In France, an Evangelical Gypsy group shakes up the immigration debate
In France, a movement from within the Gypsy community could temper what have been bad relations with European governments amid a hot immigration debate.
Subscribe Today to the Monitor
Though debate in Europe about immigration is heating up, reaction in France to this policy has been withering: The Roman Catholic church, the Socialist Party, and even many in Sarkozy’s center-right party are publicly angered at a policy that appears to single out an ethnic minority as undesirable, in order to score political points.
The stereotype of the Gypsy doesn't work here
The Gypsy Evangelicals in Chaumont, France counter any stereotype. They park some 6,000 white trailers in neat rows on the grassy runway of a World War I air base. It is a “city” brought from “the north, the south, the east, and the west,” as signs replete with biblical language affirm, anchored by a tent that holds 6,000 and atop of which flutter the flags of France, Belgium, the US, the EU, Germany, and the UK.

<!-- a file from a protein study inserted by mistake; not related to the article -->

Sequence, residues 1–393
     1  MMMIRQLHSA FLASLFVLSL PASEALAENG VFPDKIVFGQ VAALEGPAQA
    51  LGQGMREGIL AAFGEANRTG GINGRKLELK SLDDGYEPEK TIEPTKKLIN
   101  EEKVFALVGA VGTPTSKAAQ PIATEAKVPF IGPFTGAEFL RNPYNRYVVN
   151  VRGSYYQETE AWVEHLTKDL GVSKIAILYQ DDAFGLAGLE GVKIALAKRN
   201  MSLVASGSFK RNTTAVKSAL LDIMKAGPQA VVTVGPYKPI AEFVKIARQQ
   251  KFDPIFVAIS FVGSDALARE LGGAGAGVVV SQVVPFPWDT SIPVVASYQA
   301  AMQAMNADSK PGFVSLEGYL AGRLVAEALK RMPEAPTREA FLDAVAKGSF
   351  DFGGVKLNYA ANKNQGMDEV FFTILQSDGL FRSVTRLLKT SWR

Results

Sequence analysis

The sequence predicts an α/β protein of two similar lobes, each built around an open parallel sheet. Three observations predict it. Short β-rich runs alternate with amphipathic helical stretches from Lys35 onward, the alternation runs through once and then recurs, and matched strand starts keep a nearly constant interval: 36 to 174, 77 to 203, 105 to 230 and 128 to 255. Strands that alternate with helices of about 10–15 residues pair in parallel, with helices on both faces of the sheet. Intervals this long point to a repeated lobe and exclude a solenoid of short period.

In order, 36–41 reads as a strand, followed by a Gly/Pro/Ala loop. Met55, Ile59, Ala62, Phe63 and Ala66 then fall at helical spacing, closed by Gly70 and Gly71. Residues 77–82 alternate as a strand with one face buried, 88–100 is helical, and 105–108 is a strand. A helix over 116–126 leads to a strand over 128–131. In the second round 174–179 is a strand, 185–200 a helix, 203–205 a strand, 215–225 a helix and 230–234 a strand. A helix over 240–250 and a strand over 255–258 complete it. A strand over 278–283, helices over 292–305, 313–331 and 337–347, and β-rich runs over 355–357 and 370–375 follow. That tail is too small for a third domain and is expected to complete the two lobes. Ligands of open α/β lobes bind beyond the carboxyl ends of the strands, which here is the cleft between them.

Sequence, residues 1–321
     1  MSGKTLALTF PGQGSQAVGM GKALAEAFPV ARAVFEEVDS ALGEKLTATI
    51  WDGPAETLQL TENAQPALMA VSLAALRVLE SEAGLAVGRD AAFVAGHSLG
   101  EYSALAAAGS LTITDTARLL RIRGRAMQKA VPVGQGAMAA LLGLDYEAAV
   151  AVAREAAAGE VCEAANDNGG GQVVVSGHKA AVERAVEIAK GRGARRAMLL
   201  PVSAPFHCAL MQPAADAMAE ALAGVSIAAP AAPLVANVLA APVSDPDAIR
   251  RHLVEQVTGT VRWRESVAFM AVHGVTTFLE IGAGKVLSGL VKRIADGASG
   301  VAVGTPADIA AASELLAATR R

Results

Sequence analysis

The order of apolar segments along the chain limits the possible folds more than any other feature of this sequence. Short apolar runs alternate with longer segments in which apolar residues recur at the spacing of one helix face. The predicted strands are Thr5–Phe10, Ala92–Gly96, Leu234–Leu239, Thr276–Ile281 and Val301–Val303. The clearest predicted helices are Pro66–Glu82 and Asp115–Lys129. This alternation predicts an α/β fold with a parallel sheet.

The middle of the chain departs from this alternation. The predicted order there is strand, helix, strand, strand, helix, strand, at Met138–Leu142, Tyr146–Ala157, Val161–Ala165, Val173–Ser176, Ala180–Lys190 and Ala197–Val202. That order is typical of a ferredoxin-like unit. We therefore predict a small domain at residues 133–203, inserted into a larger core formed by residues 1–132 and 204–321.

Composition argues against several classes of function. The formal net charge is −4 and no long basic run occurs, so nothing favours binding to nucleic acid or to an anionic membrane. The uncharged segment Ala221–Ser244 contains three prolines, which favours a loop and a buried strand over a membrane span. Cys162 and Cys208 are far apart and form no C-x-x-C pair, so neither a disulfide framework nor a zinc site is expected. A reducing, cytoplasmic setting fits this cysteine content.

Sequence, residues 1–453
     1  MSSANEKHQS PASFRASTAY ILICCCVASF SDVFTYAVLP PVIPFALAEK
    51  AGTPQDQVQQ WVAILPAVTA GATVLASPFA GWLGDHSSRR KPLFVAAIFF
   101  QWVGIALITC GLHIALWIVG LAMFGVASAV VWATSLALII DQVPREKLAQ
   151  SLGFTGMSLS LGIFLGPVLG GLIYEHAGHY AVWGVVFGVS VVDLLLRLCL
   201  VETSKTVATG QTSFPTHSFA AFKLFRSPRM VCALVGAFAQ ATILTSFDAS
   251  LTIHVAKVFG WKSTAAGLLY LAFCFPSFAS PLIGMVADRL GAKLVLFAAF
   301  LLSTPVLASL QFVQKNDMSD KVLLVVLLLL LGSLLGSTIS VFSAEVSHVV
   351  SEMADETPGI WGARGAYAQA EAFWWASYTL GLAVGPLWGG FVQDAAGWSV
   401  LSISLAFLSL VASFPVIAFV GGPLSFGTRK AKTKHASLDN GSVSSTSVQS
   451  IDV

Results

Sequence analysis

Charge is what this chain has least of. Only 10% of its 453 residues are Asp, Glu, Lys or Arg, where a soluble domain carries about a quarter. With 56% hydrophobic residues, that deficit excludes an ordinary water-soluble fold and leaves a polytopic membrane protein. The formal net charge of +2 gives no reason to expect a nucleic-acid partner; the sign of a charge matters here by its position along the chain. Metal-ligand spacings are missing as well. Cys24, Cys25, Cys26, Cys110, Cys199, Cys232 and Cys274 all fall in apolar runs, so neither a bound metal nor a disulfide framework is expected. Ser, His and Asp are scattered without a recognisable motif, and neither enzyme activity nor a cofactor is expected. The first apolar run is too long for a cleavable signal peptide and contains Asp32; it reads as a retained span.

The gathering joins these Evangelicals, whose numbers and faith have swelled to some 145,000 of the 425,000 Gypsies in France. Their tight organization, work and family ethic, regard for civil law, and stress on education has made them the “go-to” Gypsy group for French authorities, and a point of pride in a larger Gypsy community that has long suffered a stigma of criminality, drugs, and brawls. Beyond that, they help stabilize and keep a vanishing Gypsy identity intact, analysts say, as economic and legal pressures in post-industrial Europe are atomizing a nomadic life.
For example, they developed a model for negotiating lands to settle on. Many Gypsies, facing local bureaucracy, occupy land, then negotiate. But, “the Bible tells us to be wise and respect the authorities,” says Aladin Blivet, treasurer of this “Life and Light” gathering. “We call ahead, we do paperwork, we send a delegation, we do the organizing.”